If the Prime Minister of Barbados is going to speak, please let him speak the common sense truth – and if he doesn’t, will the news media please call him on it?

On Sunday, PM Freundel Stuart (photo above) told a Democratic Labour Party meeting that the government “has not turned its back” on REDjet, and that the government would review the company’s books prior to making a decision about the airline.

This kind of ‘happy face’, deflecting statement is normal in Bajan politics to keep the PM or other big ups from having to say negative truths in public. It is a political strategy to keep the public from associating negative events with the leader. The problem is that the public becomes so used to hearing this kind of cow dung from our leadership that we too begin to accept it as ‘normal’.

It’s time we had leaders who just spoke the truth. Bajans can deal with the truth. We’re not children.

In the case of REDjet, everybody who has anything to do with Caribbean aviation knows that airline is dead, dead, dead. The airplanes are out of service (they were the wrong choice for the mission anyway), the ground and flight staffers are long gone and most important: whatever trust, goodwill and brand value that REDjet developed in its short life evaporated like a puddle of spilled Jet A fuel on a hot day. People are still waiting for refunds that will never come and they aren’t about to take another chance.

Killing the Vampire

The staff at the governments-owned Caribbean Airlines called REDjet a ‘vampire’ for sucking the passengers and cash from Caribbean Airlines in such troubled times. Now that REDjet lies in its grave, the surviving airlines are making sure that a couple of wooden stakes are pounded through its heart. They are determined that this phantom should never rise again. Trinidad & Tobago and Barbados revoked REDjet’s licences and after it ran into trouble and if the airline tries a return you can be sure that the company and staff will have to jump through all the hoops once again when it comes to licensing. It’s not going to be “Oh, you’re back. Here’s your papers.” That will be six months gone.

Unlike our Bajan babysitter, the Prime Minister of St. Vincent and the Grenadines told it like it is. Dr. Ralph Gonsalves said he had no intention of getting involved in the any action to save the REDjet, explaining, “REDjet is privately owned, Caribbean Airlines (CAL) is owned by the governments of Trinidad and Tobago and Jamaica, LIAT is owned by the governments of Antigua and Barbuda, Barbados and St Vincent and the Grenadines”.

REDjet is dead, dead, dead and Prime Minister Stuart should be saying that truth to Bajans and to foreign investors suckers seeking to revive the airline.

Any investors foolish enough to try to revive REDjet will be most disappointed because it always ends the same way when private business tries to compete with businesses run by the government.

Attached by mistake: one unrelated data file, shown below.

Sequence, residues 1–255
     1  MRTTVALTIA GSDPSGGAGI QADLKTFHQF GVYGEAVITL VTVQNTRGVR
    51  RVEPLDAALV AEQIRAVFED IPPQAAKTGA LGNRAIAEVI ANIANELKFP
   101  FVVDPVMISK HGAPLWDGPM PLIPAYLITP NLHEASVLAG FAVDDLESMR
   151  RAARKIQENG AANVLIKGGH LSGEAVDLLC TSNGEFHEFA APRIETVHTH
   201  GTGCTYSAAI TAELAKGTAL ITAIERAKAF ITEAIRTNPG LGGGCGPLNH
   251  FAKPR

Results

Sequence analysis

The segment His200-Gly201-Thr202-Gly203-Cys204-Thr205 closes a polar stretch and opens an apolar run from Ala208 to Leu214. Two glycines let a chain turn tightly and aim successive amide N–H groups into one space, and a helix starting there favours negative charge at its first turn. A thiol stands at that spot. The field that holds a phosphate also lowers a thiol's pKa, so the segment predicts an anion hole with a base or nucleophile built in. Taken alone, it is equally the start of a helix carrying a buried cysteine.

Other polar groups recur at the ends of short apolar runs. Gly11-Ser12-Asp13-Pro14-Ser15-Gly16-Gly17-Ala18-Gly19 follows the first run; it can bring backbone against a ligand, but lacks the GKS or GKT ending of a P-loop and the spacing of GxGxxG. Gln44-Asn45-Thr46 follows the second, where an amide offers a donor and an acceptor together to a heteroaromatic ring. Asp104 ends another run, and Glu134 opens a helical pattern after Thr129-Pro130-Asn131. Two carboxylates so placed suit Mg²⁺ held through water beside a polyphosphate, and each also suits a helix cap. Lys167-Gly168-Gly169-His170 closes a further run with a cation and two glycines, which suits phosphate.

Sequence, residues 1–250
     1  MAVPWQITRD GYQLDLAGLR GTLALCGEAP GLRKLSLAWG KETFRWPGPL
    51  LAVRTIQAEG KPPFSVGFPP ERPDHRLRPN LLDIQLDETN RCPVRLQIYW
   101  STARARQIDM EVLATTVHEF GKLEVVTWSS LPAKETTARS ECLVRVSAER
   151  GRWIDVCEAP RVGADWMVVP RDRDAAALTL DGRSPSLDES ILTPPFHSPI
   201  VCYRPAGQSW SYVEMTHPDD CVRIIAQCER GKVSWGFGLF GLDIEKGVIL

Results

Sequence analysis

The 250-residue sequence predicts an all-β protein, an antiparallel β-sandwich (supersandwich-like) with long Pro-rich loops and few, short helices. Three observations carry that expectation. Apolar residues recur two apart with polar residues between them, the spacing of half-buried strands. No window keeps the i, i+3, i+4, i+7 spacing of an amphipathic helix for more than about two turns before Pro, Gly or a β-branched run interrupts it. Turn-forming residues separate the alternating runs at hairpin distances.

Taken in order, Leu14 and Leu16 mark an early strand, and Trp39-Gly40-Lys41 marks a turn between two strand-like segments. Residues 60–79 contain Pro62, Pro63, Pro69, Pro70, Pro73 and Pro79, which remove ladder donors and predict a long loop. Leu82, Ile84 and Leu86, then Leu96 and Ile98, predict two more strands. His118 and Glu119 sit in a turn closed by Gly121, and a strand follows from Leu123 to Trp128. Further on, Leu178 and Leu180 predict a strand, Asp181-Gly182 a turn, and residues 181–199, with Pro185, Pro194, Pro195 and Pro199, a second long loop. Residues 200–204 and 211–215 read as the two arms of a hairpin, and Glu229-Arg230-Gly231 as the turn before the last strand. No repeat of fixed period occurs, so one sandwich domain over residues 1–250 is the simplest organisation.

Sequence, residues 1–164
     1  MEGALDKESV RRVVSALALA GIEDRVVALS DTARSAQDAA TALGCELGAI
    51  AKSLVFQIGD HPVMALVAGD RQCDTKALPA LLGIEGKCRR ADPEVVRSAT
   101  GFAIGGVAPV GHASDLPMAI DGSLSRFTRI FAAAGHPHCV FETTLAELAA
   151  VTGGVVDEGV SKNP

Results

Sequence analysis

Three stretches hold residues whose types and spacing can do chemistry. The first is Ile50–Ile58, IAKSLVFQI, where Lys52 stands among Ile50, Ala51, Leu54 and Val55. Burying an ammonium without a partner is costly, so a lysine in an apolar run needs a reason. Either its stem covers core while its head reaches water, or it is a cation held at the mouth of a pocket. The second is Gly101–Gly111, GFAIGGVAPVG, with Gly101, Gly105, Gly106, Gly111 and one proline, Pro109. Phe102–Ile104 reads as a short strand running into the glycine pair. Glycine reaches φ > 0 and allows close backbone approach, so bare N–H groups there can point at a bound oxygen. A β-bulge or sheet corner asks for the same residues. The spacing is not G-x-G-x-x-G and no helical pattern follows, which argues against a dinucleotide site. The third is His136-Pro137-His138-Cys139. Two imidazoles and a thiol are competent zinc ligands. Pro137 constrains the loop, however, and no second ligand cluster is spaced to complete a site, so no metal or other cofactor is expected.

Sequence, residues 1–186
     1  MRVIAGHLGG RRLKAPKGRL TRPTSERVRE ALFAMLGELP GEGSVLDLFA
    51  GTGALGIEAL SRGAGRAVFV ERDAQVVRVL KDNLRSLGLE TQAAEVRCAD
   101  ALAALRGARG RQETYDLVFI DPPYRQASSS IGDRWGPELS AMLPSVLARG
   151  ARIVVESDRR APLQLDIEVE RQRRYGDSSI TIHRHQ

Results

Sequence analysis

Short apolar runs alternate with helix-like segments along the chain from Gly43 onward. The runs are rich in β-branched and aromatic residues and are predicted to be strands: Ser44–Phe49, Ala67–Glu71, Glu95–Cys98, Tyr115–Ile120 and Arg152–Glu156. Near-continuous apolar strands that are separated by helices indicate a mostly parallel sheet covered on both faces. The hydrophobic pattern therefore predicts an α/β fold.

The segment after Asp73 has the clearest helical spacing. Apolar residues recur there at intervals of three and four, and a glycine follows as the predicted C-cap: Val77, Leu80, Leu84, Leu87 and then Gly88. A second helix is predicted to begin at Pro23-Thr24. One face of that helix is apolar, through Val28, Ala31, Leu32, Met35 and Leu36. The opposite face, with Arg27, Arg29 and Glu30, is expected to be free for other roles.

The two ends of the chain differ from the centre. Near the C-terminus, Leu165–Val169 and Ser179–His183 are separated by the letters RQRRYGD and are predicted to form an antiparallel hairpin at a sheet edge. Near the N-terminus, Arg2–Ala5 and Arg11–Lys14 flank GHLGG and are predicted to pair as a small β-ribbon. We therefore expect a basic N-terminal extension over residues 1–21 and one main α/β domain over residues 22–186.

Further Reading

The Nation – PM: Door not closed on REDjet

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Filed under Aviation, Barbados, Barbados Tourism, Politics

REDjet debacle shows CARICOM is a sham

“What has been dished out to RedJet is shameful. I bow my head in that shame. I truly now know that CARICOM is but a sham and obviously just a ploy for Heads of our nations to get together and feed their egos.”

by Rosemary Parkinson

The reception that RedJet has received from our so-called- unified-by-CARICOM governments has been to say the least based on protectionism for LIAT and Caribbean Airlines. RedJet were doomed to fail if Caricom Heads did not put the necessary openings in place. The Barbados government was also a tad unhurried in getting RedJet the necessary support and I am not talking investment. There was no need at the time for this – those behind RedJet saw a niche, did their homework and were well-prepared to give the people a low-cost airline. This is where I smell a rat because these businessmen would not have gone through with their plans had they not been given certain assurances…by certain people…or at least that is my belief. I could be wrong, this could be an assumption.

We the people, however, embraced RedJet, welcoming this opportunity for the Caribbean region to be more integrated. Vendors could now move back and forth and make a living. Artistes from all areas of the creative arts had an opportunity to truly know our neighbours and earn extra dollars. Families and friends could now travel easily. Regional tourism had been finally given the push it required. Regional business at all levels could now afford visits to their partners rather than just telephone meetings. Most importantly RedJet gave an opportunity for food and goods to be moved between the islands – a huge plus for us the people as we sought to reduce our import bills from the north.

RedJet was people friendly and had one and only one vision…to give the people (I said the people) of the Caribbean an airline that cared cost-wise. Naturally making ends meet and profit would have also been a priority. But digging out the eyes of their own people was not. Continue reading

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Filed under Aviation, Barbados, CARICOM